A Taxi Driver, Eunuch, Gay Love Affair, Etc… “The Incarnations,” Reviewed

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Growing up, Driver Wang’s father thought him a momma’s boy. “Send him to play outside more,” he complained. “The kid needs to get into some scrapes.” Little did Wang Hu know, his son had been through six lifetimes of scrapes. He’d been castrated by a sorceress, strangled by a lover, beaten by roving pirates, and tortured by Red Guards. Yet in his current life as a Beijing taxi driver, Driver Wang is unaware of this -- until a mysterious letter falls from his taxi’s visor one day. Read more »

Dispatches From Xinjiang: The “Real” Hong Qi, Bob Dylan, And Ürümchi

Hong Qi
Hong Qi discovered Bob Dylan in 2001. That was the year he heard "The Answer Is Blowing in the Wind" for the first time. Speaking in an interview a decade later, he said he liked Dylan's confidence -- the feeling he evoked with his broken voice. Although Hong Qi says his English is "very bad," the imagery in Dylan's lyrics touched him deeply. Over the past decade, he says he has become a Dylan fan. “I like all his songs, his fascination with all images. I respect his political stance. My songwriting is influenced by him.” Read more »

Red Bean Paste: Flash Fiction

Red Bean Paste
Perhaps you've heard, but we're organizing a community flash fiction event on Sunday, July 13 at Great Leap Brewing's Original No. 6 location, and we're seeking writers who want to read their work. All you have to do is submit an original piece of fiction between 500-700 words on the theme of "Beijing" to fiction@beijingcream.com before July 4; we'll pick at least five people to read. How easy is this? Let us demonstrate. Read more »

A New Type Of Chinese Charity

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The nature of charity in China is changing. In the last decade, both international organizations and domestic groups have shifted from relying on donation drives to providing more complex cultural services to meet the specific needs of disadvantaged groups. But finding the right way to go about charitable projects remains a tough question for many. Read more »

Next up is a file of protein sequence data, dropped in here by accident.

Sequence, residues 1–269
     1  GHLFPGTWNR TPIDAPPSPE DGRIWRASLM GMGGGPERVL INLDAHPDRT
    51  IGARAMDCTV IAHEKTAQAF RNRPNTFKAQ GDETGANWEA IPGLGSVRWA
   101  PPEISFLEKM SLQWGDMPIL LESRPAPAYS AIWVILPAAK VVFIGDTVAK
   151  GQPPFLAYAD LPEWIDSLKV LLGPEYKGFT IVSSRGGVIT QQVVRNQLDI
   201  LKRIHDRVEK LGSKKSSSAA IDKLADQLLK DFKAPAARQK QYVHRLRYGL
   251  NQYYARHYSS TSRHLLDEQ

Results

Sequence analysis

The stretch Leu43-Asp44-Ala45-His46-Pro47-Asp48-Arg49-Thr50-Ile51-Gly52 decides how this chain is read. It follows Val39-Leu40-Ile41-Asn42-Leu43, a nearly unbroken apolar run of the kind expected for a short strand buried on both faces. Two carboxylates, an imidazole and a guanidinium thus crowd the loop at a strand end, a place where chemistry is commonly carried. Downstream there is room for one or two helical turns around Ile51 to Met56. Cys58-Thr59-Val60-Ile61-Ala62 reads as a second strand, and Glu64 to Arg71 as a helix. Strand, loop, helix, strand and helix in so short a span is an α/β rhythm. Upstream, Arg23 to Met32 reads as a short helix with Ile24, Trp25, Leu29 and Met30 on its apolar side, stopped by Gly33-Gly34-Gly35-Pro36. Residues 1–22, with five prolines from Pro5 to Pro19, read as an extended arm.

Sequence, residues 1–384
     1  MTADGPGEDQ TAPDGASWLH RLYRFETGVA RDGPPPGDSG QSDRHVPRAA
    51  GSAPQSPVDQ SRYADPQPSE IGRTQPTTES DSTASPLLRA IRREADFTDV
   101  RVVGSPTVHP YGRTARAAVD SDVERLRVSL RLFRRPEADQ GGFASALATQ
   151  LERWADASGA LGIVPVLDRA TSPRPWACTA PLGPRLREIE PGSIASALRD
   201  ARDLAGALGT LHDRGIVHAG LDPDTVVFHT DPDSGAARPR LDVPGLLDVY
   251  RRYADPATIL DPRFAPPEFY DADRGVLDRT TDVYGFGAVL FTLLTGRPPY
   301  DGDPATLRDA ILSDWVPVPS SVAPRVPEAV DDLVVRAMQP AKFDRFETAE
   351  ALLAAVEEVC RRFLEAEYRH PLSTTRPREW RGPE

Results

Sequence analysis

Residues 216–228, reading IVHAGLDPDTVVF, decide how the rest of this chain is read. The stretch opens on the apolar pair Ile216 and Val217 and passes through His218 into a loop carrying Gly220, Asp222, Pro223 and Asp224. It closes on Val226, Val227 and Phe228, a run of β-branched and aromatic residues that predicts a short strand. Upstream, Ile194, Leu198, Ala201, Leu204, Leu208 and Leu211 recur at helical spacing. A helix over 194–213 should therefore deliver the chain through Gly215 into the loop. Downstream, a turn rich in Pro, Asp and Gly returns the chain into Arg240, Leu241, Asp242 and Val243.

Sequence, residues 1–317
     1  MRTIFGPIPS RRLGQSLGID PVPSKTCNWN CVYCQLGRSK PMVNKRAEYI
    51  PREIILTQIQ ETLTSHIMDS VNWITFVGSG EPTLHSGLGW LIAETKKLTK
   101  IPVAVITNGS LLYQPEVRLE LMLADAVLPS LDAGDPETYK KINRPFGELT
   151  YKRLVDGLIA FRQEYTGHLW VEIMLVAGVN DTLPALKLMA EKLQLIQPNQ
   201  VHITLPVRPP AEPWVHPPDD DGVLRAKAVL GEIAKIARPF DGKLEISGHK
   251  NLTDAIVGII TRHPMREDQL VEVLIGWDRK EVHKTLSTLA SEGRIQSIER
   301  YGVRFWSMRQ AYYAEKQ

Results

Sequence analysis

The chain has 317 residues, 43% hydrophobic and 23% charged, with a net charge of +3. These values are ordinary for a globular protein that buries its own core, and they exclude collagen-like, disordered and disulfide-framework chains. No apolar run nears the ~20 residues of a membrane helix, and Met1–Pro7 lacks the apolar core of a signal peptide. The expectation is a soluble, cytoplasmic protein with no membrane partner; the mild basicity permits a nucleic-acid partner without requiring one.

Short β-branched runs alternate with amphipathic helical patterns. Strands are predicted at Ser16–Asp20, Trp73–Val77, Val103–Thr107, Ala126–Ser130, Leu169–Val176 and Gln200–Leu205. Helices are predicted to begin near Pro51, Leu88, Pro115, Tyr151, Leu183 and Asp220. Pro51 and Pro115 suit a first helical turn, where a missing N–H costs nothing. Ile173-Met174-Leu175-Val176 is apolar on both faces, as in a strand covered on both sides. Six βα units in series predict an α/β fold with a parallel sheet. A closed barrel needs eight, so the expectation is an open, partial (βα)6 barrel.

“Gangster Panda” Is Incredible

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So, before I begin, I guess I should get one thing out of the way: I write that show that all expats seem to hate but Chinese people seem to like – see the sketch I wrote about potatoes. Yes, of course you could no doubt do it better; and yes, I agree, why do they even bother employing us? We’re not even funny. Now that I’ve saved you the hassle of leaving those sentiments in the comments section, I’ll get to the nitty gritty. Read more »

Your World Cup In China Viewing Guide: Dates, Times, And Chinese Characteristics

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China won’t be playing in Brazil – they have appeared at a World Cup just once and failed to score a goal – but millions will stay up late to watch the games, probably starting this Friday at 4 am when Croatia kicks off against the host nation in São Paulo. Here are 10 things in this year's World Cup with a Chinese connection. Read more »

Beijing Rainbows, Craft Beer, and Taco Porn

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Beijing’s Third Annual Craft Beer Festival drew thousands of visitors and brewers from around China to the Galaxy Soho complex in Chaoyangmen this weekend. It was some of the nicest whether Beijing has seen this year, with rainbows being spotted around the city. Read more »

How China Was Betrayed At Versailles: An Interview With Paul French

Betrayal in Paris, by Paul French
In commemoration of the 100th anniversary of World War I, Penguin China has released a seven-book series on China-focused Great War history. It tabbed Paul French, author of the popular and award-winning Midnight in Peking: The Murder That Haunted the Last Days of Old China, to contribute Betrayal in Paris: How the Treaty of Versailles Led to China’s Long Revolution.... I sat down with the author (over Skype) to talk about the "betrayal," Japan's role in it, and how it might have been tipped by -- of all things -- America's Jim Crow laws. Read more »